Have you ever wondered about some dumb lies that lousy bosses tell to their employees? Telling the simple truth is far more productive than trying to fool your employees. That’s a fact. By its very nature, managing employees requires a certain amount of discretion. However, there’s a fine line between discretion and deception that, when crossed, creates resentment and job dissatisfaction. You have to be careful and you should avoid those dumb lies that lousy bosses tell in real life! I have selected some of these lies, along with suggested true statements that do the job much better.
“I’m paying you a competitive salary.”
Unless your employees are very stupid, the first thing they’ll do after you make this statement is hop on the Web and research average salary levels and find out what people in their position generally get paid. If it’s less than they’re making, they’ll assume that either you’re lying or (best case) uninformed.
A truth to tell instead: “I’m paying what I can afford to pay.”
“My job is to make you more successful.”
It’s always a mistake to set expectations for which you can’t really deliver the goods. If you’re secretly more concerned with your own advancement rather than in being of service to your employees, you’ll inevitably create resentment when your actions don’t match your fine words.
A truth to tell instead: “Your job is to make ME more successful.”
“We’re all one big, happy family.”
This can only be true if 1) you yourself came from a happy family, and 2) everyone else came from a similar happy family. Chances are, however, that some of your employees come from dysfunctional families, and the last thing you want is for them to bring their family dynamics into the workplace.
A truth to tell instead: “I’d like you to be happy working here.”
“We are following a five-year plan.”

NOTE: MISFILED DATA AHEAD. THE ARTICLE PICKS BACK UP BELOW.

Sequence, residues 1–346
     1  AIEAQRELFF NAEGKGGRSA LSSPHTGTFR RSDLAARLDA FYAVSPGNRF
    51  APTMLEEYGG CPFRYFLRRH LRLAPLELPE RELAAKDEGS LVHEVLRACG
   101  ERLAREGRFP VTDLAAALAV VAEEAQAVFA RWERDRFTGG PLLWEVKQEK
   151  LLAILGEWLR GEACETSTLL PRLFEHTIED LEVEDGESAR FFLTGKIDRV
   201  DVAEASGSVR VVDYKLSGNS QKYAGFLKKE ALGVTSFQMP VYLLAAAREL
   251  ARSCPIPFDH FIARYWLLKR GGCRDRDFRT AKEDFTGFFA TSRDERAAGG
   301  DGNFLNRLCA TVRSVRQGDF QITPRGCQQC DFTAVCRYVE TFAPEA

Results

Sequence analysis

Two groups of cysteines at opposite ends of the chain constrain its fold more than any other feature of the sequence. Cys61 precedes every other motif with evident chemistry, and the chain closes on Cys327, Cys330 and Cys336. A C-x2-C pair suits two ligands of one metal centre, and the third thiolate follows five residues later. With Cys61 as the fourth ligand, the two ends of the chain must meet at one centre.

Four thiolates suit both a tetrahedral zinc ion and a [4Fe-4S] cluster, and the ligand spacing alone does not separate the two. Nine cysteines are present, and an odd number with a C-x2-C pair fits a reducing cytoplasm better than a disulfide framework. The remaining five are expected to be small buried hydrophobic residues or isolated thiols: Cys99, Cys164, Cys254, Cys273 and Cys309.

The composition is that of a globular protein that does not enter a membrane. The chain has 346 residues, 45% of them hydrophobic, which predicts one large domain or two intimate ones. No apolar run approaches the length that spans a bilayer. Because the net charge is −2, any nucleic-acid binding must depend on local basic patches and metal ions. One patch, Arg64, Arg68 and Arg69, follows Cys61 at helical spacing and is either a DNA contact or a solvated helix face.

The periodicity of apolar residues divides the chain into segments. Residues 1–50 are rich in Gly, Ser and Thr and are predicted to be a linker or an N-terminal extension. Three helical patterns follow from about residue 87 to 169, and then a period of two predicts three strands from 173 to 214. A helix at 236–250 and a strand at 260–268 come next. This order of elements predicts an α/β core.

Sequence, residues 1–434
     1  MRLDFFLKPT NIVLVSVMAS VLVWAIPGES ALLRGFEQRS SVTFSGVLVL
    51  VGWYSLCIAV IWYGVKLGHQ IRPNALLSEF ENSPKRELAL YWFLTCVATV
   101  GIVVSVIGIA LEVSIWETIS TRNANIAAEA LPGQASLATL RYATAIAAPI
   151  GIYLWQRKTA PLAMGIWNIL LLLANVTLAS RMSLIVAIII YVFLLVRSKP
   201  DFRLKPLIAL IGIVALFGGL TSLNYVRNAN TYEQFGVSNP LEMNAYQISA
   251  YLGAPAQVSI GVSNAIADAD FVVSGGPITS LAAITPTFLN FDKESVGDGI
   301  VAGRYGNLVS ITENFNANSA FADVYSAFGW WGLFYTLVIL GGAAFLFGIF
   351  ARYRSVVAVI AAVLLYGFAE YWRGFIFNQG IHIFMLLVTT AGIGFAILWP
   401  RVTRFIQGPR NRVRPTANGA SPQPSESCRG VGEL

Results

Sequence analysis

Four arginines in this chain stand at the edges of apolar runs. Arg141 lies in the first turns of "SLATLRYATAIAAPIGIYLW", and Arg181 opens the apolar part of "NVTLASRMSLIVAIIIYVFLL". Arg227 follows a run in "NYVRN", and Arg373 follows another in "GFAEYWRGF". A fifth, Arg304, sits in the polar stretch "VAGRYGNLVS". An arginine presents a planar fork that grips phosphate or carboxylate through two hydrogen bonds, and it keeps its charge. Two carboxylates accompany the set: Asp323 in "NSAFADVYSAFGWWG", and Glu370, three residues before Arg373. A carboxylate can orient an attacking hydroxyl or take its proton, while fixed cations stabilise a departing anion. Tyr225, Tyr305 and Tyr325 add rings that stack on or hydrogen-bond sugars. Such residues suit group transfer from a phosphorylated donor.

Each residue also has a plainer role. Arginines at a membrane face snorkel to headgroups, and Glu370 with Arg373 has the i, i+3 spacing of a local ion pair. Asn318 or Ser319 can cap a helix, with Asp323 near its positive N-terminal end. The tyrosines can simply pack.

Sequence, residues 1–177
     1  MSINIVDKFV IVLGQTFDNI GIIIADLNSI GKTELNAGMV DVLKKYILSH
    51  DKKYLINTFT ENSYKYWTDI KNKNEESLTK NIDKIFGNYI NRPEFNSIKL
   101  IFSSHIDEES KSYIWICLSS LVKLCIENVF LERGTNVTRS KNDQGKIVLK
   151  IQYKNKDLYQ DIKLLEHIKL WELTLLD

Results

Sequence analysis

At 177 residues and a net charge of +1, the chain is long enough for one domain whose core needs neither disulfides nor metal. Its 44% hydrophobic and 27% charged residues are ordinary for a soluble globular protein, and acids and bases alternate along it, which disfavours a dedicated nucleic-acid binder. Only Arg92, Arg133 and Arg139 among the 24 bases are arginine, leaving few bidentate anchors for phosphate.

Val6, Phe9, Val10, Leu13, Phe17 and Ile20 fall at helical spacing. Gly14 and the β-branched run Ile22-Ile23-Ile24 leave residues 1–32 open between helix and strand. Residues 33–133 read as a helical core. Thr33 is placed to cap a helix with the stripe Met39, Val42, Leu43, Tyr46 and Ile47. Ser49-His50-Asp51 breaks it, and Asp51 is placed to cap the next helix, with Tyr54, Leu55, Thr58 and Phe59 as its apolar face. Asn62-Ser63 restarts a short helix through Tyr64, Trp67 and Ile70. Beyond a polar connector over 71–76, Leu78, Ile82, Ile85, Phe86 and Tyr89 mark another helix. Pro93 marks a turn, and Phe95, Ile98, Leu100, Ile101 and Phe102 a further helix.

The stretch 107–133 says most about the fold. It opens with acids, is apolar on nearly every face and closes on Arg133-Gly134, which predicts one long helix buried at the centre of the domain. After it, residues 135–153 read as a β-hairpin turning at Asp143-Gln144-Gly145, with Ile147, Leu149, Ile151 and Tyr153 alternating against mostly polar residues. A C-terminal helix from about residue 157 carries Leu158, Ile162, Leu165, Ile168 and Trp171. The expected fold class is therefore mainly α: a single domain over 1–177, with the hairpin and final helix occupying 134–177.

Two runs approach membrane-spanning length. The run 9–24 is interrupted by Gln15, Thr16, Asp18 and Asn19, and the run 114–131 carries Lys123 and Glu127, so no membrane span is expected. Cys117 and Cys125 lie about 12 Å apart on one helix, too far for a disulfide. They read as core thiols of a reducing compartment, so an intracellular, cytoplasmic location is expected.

OK, this one’s just silly. Take a look at your five-year plan from a couple of years ago. After you’ve stopped laughing, take a good long look at how you and your organization really make decisions and prioritize activities. In all likelihood, you’re using a three- to 18-month window, like everyone else.
A truth to tell instead: “We do our best to adapt.”
“This is a 9-to-5, salaried job.”
Yeah, and there’s a unicorn eating petunias in my garden. Let’s face it: In today’s business world, there simply ain’t no such creature as a 40-hour workweek for salaried employees. Unpaid overtime has become the norm inside most companies, and it’s absurd to pretend otherwise.
A truth to tell instead: “If you meet your goals, you get extra vacation days.”
“Employees are our most valuable asset.”
Most employees are intelligent enough to realize that most companies, including yours, have plenty of assets that they value more than their employees. This kind of platitude, rather than reassuring employees, simply convinces them that you can’t be trusted to tell them the real truth.
A truth to tell instead: “I value your contribution.”
“Your participation is entirely voluntary.”
Once again, it’s fine to say this if it’s really true, but most of the time (let’s be honest here) what you really mean is that participation is somewhere between “highly encouraged” and “absolutely mandatory.” After all, if the activity were truly voluntary, there would be no need to point it out, right?
A truth to tell instead: “I expect full participation.”
Therefore, be honest with your employees and never use those lousy lies. Don’t you agree?
This has been adapted from a post by Geoffrey James on Inc. here.
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